Book Signing that Creates Kinship

Reading "This Ain't That"

Reading “This Ain’t That”

Another great experience in my life happened, my book signing was Saturday, October 25, 2014. It was a unique venue and event.  Like I said, I have a great group of friends and they inspire me to try new things, so in conjunction with  “Pamper Me Pretty” day held at my friend’s beauty salon, we had vendors selling ceramics, jewelry and of course, me and my book “Poetry in Different Colors.”

I wasn’t sure what to expect, but as I sat at my booth, I noticed how people gravitated towards the hors d’ oeuvre and other vendor tables. I wasn’t discouraged, but grew more curious about how the day would unfold. The attendees were very polite and walked by and smiled, not asking at all about my book. I took it all in stride realizing they had no clue what the book was about.  Perhaps they thought it was just another sweet, simple book of poetry such as “rose are red,”  you get the picture.

After about an hour, the crowd had grown significantly,  the host asked the guest to gather in the front area where I would perform my reading. I had already selected two of my poems.  Everyone quickly gathered and it was apparent they were uncertain as to what they would hear.  I took my place in front of the group and opened my book and announced my first poem is “This Ain’t That” with ease I transitioned into character.  I read the poem with the brisk silence and concentration of the attendees before me and by the end of the poem the applause were a resounding affirmation of approval. My next poem was “Calling on All Men”. The title itself created a buzz and curiosity among the attendees now ready to hear where I would take them on this journey. Quietly and carefully they listened, the ever present sighs throughout, at the end, and once again applause that gave affirmation to the poem. I had read both of my poems, now the attendees really had a true understanding of “Poetry in Different Colors.”  The wheel had been set in motion and questions and conversation were now in the air.  They came to the booth ready for poetry and a copy of my book.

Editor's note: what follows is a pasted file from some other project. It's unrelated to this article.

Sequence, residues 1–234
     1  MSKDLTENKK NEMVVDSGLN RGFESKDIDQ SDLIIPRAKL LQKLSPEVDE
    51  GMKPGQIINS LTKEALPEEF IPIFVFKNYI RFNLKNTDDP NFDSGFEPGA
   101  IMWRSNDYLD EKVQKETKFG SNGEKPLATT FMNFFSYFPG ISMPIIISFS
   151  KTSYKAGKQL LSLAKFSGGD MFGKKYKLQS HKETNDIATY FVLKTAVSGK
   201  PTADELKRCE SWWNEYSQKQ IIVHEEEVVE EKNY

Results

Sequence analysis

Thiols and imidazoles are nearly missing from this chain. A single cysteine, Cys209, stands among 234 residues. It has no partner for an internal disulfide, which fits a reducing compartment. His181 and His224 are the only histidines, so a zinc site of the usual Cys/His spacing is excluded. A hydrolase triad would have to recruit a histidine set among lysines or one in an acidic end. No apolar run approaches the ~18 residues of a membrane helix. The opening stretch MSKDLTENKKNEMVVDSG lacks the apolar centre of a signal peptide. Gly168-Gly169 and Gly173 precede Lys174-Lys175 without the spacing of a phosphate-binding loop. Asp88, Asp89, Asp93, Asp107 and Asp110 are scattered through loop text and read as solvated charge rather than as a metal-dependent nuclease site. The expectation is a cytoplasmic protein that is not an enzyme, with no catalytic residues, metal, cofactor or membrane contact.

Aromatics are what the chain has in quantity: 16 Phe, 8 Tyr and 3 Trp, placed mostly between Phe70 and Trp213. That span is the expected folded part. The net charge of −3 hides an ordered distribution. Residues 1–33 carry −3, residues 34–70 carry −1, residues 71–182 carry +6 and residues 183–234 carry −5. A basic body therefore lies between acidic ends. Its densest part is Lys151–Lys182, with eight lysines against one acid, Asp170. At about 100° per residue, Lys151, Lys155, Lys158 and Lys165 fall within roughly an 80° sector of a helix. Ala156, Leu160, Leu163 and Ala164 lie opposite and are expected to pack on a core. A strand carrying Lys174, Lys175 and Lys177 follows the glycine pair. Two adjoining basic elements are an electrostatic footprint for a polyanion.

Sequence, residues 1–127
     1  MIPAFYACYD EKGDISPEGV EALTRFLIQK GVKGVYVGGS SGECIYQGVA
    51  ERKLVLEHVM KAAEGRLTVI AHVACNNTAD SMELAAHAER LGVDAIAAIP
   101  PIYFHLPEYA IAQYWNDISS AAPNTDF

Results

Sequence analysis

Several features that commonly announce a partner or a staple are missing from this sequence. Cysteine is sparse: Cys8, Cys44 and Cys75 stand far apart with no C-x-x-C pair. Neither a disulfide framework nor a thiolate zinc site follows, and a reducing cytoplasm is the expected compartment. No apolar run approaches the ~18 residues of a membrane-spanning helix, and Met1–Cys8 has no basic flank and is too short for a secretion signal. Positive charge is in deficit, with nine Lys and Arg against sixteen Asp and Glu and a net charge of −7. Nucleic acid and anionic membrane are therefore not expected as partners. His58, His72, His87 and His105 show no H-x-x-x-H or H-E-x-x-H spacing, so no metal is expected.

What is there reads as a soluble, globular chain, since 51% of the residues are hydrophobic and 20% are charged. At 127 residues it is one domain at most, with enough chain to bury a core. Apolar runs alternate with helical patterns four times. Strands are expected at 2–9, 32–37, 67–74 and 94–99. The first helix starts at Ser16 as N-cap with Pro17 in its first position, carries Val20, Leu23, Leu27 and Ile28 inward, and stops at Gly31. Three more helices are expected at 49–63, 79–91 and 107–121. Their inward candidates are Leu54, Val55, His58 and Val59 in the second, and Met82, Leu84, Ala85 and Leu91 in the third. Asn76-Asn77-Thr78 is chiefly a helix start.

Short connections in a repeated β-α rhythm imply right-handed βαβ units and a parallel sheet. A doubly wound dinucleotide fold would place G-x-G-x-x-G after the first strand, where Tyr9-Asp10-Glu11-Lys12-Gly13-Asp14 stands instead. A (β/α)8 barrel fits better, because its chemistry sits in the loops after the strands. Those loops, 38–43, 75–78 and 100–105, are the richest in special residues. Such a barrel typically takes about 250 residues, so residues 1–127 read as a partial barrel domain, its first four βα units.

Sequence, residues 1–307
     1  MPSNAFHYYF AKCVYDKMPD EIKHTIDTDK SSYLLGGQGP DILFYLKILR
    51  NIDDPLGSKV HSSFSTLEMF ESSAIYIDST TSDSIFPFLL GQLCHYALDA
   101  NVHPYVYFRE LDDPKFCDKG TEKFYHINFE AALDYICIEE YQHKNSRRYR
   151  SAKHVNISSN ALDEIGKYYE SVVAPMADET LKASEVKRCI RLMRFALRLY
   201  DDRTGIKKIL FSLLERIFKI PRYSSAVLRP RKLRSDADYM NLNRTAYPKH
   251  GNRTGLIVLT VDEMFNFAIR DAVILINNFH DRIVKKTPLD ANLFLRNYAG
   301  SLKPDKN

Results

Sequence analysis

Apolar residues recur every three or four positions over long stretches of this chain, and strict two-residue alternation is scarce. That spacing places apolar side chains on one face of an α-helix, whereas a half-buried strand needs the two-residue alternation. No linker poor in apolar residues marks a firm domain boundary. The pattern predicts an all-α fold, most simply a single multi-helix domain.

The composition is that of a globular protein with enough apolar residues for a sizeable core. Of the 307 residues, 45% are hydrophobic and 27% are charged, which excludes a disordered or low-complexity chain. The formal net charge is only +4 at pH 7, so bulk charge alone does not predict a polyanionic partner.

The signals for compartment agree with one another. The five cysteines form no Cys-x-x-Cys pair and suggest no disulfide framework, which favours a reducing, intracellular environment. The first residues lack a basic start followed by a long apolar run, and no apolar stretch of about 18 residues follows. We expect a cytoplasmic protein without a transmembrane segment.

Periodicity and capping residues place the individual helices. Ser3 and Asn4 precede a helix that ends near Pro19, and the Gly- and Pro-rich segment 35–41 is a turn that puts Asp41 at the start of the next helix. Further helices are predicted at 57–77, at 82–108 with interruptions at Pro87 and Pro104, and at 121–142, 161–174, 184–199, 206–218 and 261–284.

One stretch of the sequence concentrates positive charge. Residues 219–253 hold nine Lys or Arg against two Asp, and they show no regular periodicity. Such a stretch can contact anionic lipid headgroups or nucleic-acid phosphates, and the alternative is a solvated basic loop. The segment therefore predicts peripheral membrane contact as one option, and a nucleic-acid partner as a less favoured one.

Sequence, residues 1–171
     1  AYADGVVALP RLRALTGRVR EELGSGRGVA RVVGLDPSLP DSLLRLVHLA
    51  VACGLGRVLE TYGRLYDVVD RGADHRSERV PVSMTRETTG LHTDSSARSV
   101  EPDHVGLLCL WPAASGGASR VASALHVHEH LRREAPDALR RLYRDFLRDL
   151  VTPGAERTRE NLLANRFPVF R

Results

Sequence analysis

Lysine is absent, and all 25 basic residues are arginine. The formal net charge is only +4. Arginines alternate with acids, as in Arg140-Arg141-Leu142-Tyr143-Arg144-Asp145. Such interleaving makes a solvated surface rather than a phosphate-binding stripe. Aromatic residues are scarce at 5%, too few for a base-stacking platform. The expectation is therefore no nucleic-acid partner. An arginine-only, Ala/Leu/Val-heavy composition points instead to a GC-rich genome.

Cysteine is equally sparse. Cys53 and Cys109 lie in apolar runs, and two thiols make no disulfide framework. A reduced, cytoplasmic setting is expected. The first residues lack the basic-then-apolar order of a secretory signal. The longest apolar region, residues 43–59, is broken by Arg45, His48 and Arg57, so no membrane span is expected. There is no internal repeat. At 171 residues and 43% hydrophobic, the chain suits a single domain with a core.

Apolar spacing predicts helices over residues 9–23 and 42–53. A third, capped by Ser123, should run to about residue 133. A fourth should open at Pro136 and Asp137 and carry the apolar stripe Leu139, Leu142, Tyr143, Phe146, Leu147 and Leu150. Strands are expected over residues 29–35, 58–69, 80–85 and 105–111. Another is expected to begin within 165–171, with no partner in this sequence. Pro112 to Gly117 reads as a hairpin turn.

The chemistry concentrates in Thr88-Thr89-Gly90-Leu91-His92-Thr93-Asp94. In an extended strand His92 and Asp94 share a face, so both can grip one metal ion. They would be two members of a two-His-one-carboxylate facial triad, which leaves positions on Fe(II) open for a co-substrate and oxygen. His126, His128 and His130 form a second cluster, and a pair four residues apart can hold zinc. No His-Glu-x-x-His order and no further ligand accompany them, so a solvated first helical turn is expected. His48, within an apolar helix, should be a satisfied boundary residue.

What I learned during this experience, most people have a very basic understanding of poetry, often from what we learned in our early education years, most of which has faded over time. So opinions become less descriptive, dull is mostly what we hear.  Now I realize that is only a temporary state of mind.  With just a preview my works in an open venue, “just a sneak peek” one can imagine just what’s in store with their own personal copy of my book.

The most moving part of the book signing was realizing people in attendance found a connection with the poetry.  One female guest stated “I don’t read a lot of poetry, but I understand yours.” She proceeded to say, “I could relate to the first poem (This Ain’t That) because that’s me.” The statement had me speechless, there was such a connection and we were sharing an intimate thought, which created a kinship. As I reflect on that moment, I recall writing on the back of the book cover “we have different experiences; however, our experiences are never isolated.” It was a touching moment for me as I realized that my efforts in writing this book were not in vain.  I will continue my journey and look forward to  sharing “Poetry in Different Colors” with my readers along the way.

Reading "Calling on All Men"


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